By Hillel Aron
By Joseph Tsidulko
By Patrick Range McDonald
By David Futch
By Hillel Aron
By Dennis Romero
By Jill Stewart
By Dennis Romero
“We are aware that we are up against a group of economic and political powers that is accustomed to win at all costs, without moral scruples of any nature,” López Obrador bellowed on Saturday before a sea of people dressed in corn-shaded yellow, the color of the PRD. “They don’t really care about the country, and much less about the suffering of the majority of the pueblo of Mexico. Their only intent is to maintain and increase their privileges.”
The crowd went wild. Although rain sprinkled slightly and the weather was cool that day, the air was hot inside the Zocalo. Graffiti on a wall in front of the sinking Metropolitan Cathedral read: “If there is no solution, there will be revolution.” Some signs called for an invocation of Article 39 of the Mexican Constitution, which states “the people” have the right to “alter or modify their form of government.”
THE PEOPLE WERE PISSED ON SATURDAY. You could feel it. And López Obrador was channeling their anger.
Reputable news outlets have indeed detailed instances of bizarre irregularities in the vote tallies, most of which favored the PAN or the old-guard PRI ticket. But López Obrador’s rhetoric has sought to cast his struggle as one that rises above scattered cases of potential fraud. His language that day, as throughout his campaign, came from the vantage point of a true believer in the evils of class strata.
And Mexico has endured century upon century of that. While the capital and the industrialized northern cities of Mexico are modern, bustling centers of activity, nearly half of the population lives on less than $4 a day. In what Mexico City natives refer to quaintly as “the provinces,” the rural areas, poor mestizos and Indians live in a space of suspended time, often without the most basic amenities of industrialized society. In some areas, NAFTA has ravaged the lives of small farmers, and is set to do more harm in 2008 when the few remaining tariffs against U.S. products will be lifted.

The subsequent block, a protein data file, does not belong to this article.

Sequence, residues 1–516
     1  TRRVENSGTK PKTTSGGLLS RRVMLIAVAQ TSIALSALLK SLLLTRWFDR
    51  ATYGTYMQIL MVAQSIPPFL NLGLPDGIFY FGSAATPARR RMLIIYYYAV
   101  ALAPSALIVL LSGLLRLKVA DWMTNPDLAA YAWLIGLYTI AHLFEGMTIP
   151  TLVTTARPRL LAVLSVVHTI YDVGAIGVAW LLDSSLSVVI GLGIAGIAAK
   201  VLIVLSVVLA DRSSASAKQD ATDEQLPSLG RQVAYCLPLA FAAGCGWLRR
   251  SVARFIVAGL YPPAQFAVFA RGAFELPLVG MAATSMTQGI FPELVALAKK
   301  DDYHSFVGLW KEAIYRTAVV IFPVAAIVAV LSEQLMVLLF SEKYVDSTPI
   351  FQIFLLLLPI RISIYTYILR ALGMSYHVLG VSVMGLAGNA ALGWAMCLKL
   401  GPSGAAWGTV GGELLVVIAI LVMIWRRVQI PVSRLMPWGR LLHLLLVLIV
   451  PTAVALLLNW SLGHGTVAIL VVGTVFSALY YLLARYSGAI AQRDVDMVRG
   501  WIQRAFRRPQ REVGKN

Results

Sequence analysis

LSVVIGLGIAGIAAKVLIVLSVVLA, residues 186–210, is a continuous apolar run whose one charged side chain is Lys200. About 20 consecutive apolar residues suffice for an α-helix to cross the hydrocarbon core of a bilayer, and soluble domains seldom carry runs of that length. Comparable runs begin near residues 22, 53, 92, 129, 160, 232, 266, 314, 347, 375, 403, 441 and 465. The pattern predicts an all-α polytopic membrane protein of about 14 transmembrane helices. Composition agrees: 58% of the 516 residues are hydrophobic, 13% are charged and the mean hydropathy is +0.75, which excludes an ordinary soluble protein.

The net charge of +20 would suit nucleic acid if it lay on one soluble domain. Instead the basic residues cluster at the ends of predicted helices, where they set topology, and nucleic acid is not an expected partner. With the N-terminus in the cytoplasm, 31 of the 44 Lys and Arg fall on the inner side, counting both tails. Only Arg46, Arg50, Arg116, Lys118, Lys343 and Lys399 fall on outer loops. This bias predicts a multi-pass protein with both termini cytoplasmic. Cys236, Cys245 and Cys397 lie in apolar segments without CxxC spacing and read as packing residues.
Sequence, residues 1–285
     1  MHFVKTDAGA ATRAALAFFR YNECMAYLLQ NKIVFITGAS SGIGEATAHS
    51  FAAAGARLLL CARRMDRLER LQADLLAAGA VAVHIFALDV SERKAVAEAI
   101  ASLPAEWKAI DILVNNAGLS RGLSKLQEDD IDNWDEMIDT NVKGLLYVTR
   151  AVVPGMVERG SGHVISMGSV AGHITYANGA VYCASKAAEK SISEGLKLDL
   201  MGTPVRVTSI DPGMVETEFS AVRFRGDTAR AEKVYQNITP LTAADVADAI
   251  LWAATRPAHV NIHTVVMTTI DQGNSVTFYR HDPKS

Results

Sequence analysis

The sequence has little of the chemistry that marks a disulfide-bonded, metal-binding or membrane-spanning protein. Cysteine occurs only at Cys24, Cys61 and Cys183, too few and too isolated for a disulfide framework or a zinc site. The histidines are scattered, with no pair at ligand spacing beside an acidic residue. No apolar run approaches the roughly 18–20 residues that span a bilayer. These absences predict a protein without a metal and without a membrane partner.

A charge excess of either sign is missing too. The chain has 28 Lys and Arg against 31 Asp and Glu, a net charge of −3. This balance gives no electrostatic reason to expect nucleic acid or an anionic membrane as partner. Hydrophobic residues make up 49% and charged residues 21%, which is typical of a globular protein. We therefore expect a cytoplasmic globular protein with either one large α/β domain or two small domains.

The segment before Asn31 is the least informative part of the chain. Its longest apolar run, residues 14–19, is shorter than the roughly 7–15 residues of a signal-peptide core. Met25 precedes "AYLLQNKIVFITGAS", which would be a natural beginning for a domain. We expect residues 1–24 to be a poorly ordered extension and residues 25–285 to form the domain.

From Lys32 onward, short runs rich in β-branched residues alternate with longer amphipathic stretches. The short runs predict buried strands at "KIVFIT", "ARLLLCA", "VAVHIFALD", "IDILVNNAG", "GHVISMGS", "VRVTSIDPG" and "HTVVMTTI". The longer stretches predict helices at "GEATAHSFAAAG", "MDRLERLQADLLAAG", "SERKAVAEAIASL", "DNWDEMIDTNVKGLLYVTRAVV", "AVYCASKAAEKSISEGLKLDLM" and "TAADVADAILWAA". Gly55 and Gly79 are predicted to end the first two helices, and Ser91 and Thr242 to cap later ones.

These are the Mexicans López Obrador claims to speak for. And these are the Mexicans the PAN and its supporters — those who inhabit Mexico’s middle and upper classes — are usually the least worried about. This is the division that the bruising 2006 presidential election and its aftermath, just short of a worst-case scenario, have laid painfully bare.
When PRD leaders Manuel Camacho Solis and Gerardo Fernández Noroña arrived on Sunday to personally deliver a claim against an electoral-district site in a PAN stronghold in Mexico City, the quiet and leafy Colonia la del Valle neighborhood, a stout woman wearing a PAN blue button-up shirt approached the commotion curiously and with a disgusted look on her face.
“You should interview one of us. We want peace,” she said to no one in particular. “Que viva el PAN!” she hollered in a huff as she walked away.
Inside the gauntlet of press photographers, PRD supporters chanted in response: “Voto por voto! Casilla por casilla!” (“Vote by vote! Poll by poll!”)